Following Roger Stone's commutation, Trump eyes more pardons

Two weeks ago today, Trump commuted Roger Stone's sentence at a time designed to obscure what happened. It looks the strategy, unfortunately, worked.
Image: Roger Stone, former adviser and confidante to President Donald Trump, leaves the Federal District Court for the District of Columbia after being sentenced
Roger Stone, former adviser and confidante to President Donald Trump, leaves the Federal District Court for the District of Columbia after being sentenced Feb. 20, 2020.Chip Somodevilla / Getty Images file
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By Steve Benen

Donald Trump has repeatedly and scandalously intervened in the criminal cases of the politically connected, but the president's commutation for Roger Stone -- issued exactly two weeks ago today -- was qualitatively worse.

It was among the most brazenly corrupt steps Trump has taken while in office, featuring a president rescuing a convicted felon who lied on his behalf as part of a broader cover-up. A Washington Post editorial called Stone's commutation "one of the most nauseating instances of corrupt government favoritism the United States has ever seen." The editorial board added, "If the country needed any more evidence, Friday confirmed that the greatest threat to the Republic is the president himself."

The timing, however, remains of interest. Trump delayed his debased action until late on a Friday night -- the president's preferred time to try to bury scandalous announcements. My hope was that the corruption was so outrageous that the resulting scandal would resonate for a long while.

That's not what happened. The latest NBC News/Wall Street Journal poll found that only 16% of Americans agreed with Trump's commutation of Stone, but 47% of Americans didn't know enough about the story to even have an opinion.

This not only bolsters the political merits of the Friday-night-news-dump tactic, it also leads Trump to believe he can get away freely with similarly pernicious acts.

President Trump on Thursday said he would consider granting pardons for individuals implicated in former special counsel Robert Mueller's investigation. "I’ve looked at a lot of different people. They’ve been treated extremely unfairly, and I think I probably would, yes," Trump told Sean Hannity on Fox News.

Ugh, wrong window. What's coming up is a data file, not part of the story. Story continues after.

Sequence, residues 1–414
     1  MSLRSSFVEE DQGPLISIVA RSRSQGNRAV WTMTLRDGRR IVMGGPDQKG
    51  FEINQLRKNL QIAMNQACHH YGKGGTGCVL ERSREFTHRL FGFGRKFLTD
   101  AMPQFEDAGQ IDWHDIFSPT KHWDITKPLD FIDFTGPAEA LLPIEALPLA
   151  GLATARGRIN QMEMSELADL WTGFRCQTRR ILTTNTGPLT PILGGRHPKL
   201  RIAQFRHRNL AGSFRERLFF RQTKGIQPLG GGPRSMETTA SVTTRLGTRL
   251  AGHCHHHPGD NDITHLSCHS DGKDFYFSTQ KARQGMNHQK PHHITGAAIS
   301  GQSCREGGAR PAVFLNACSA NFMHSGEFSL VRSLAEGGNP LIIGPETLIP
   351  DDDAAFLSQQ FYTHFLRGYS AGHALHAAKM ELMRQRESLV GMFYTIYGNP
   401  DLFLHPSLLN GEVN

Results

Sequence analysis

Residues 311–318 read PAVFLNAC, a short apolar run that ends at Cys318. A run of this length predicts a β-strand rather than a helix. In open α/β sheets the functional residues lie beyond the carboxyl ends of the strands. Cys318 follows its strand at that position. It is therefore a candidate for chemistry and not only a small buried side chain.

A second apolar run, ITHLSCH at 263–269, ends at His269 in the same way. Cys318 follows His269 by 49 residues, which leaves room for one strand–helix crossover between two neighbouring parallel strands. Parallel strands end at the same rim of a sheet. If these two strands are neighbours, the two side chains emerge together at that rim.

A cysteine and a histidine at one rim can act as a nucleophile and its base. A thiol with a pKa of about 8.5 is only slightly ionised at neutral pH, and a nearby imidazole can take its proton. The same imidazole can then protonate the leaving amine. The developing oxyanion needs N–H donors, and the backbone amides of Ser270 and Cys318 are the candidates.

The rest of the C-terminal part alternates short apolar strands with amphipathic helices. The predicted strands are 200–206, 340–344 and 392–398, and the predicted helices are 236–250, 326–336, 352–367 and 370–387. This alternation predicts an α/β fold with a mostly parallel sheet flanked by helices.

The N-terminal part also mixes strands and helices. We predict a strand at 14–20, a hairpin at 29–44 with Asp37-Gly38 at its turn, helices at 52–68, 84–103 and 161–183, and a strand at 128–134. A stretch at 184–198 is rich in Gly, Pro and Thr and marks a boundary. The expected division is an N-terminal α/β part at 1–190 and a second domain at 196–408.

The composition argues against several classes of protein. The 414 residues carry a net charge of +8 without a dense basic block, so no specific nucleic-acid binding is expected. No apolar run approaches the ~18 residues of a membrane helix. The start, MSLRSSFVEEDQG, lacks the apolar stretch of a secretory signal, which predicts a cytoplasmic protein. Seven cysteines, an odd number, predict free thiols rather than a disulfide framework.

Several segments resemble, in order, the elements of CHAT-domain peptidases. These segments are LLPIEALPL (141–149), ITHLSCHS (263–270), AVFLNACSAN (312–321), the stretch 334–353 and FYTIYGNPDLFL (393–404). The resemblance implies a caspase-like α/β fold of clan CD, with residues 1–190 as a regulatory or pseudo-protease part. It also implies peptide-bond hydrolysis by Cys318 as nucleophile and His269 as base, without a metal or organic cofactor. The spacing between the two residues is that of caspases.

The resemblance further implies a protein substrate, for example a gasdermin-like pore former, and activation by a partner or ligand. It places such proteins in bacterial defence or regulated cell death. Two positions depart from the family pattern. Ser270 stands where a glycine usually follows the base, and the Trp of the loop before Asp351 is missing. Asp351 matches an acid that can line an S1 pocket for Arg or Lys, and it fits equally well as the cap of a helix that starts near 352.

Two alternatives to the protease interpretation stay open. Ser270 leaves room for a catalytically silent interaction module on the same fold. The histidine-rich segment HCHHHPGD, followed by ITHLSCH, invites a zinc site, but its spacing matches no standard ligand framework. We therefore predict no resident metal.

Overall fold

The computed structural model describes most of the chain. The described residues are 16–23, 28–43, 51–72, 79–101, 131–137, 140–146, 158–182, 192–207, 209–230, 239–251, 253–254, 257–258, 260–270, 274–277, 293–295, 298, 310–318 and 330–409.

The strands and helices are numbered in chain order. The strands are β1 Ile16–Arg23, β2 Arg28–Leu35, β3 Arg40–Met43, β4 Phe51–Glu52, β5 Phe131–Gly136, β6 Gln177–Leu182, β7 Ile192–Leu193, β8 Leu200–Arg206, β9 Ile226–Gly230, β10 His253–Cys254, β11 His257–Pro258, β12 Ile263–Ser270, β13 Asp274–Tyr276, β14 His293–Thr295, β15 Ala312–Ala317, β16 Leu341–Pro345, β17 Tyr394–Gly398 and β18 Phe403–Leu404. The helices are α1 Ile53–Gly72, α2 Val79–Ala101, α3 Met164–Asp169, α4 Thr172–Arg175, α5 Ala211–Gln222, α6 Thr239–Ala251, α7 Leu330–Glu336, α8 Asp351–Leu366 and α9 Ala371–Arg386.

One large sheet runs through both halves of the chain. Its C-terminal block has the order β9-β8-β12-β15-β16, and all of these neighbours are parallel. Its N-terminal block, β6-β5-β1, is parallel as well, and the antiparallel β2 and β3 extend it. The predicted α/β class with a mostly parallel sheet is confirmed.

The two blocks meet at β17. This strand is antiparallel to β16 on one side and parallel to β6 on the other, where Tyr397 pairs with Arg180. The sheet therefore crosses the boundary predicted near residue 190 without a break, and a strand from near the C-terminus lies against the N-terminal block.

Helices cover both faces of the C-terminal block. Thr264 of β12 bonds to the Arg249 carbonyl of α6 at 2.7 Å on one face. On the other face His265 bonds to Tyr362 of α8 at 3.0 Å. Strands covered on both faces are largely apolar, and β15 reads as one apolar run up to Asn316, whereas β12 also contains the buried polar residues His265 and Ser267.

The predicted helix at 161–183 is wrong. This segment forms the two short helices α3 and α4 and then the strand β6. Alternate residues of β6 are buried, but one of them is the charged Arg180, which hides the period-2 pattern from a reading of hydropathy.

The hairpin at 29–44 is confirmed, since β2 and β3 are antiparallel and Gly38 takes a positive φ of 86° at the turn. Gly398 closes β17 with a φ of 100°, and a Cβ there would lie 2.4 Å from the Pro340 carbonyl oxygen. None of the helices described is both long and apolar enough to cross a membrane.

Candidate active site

It's outrageous, but unsurprising. Trump has been abusing his pardon and commutation powers in indefensible ways throughout his presidency, culminating in the Stone disaster two weeks ago. But from Trump's perspective, the blowback was relatively muted; the political effects were minor; and the real-world consequences were non-existent.

All of which, of course, left the president feeling emboldened to take even more steps down the same crooked road.

To be sure, the developments have not gone unnoticed on Capitol Hill. In fact, the New York Times reported overnight that the House Democratic majority, still infuriated by Trump's Stone commutation, are advancing legislation "that would give lawmakers new authority to scrutinize uses of executive clemency involving presidential family members or crimes against Congress and explicitly outlaw presidents from pardoning themselves."

Democrats on the Judiciary Committee said Thursday that Mr. Trump’s general willingness to test the limits of his powers and his particular commutation of Mr. Stone, a longtime friend who was found guilty of lying to and obstructing a congressional investigation into the president’s 2016 campaign and its ties to Russia, made it necessary to act. At the same time, Democrats advanced legislation that would pause the statute of limitations on any federal offense committed by presidents or vice presidents during their time in office so they cannot escape charges that might be brought if they were not in the White House.

While it's heartening to see the House Judiciary Committee act, and it's likely the full House will follow suit, the odds are poor that Republicans will care. In fact, a week ago, House Minority Leader Kevin McCarthy (R-Calif.) endorsed Trump's intervention in Roger Stone's case, despite the fact the Republican operative lied to Congress.

With this in mind, even if House Dems tried to set some guardrails around presidential powers in this area, GOP leaders have already signaled their disinterest, dooming legislation in the Republican-led Senate.

That doesn't make Trump's abuses any less offensive, but it does suggest it will be up to voters to curtail them.